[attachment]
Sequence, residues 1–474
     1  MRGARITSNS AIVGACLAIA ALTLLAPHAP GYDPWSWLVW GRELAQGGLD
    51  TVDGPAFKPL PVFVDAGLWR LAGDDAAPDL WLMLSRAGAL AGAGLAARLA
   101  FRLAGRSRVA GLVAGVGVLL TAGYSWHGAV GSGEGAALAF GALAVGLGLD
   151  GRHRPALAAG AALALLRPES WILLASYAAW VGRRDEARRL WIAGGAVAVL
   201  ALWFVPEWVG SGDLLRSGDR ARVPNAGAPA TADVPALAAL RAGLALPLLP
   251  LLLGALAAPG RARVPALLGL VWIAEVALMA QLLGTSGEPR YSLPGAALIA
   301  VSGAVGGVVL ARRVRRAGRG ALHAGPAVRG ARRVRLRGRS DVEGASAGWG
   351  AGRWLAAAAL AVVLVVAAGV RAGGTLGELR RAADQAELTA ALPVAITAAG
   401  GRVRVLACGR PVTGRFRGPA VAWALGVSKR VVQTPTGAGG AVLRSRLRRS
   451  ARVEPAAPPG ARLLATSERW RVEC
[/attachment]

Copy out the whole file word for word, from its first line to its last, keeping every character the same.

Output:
Sequence, residues 1–474
     1  MRGARITSNS AIVGACLAIA ALTLLAPHAP GYDPWSWLVW GRELAQGGLD
    51  TVDGPAFKPL PVFVDAGLWR LAGDDAAPDL WLMLSRAGAL AGAGLAARLA
   101  FRLAGRSRVA GLVAGVGVLL TAGYSWHGAV GSGEGAALAF GALAVGLGLD
   151  GRHRPALAAG AALALLRPES WILLASYAAW VGRRDEARRL WIAGGAVAVL
   201  ALWFVPEWVG SGDLLRSGDR ARVPNAGAPA TADVPALAAL RAGLALPLLP
   251  LLLGALAAPG RARVPALLGL VWIAEVALMA QLLGTSGEPR YSLPGAALIA
   301  VSGAVGGVVL ARRVRRAGRG ALHAGPAVRG ARRVRLRGRS DVEGASAGWG
   351  AGRWLAAAAL AVVLVVAAGV RAGGTLGELR RAADQAELTA ALPVAITAAG
   401  GRVRVLACGR PVTGRFRGPA VAWALGVSKR VVQTPTGAGG AVLRSRLRRS
   451  ARVEPAAPPG ARLLATSERW RVEC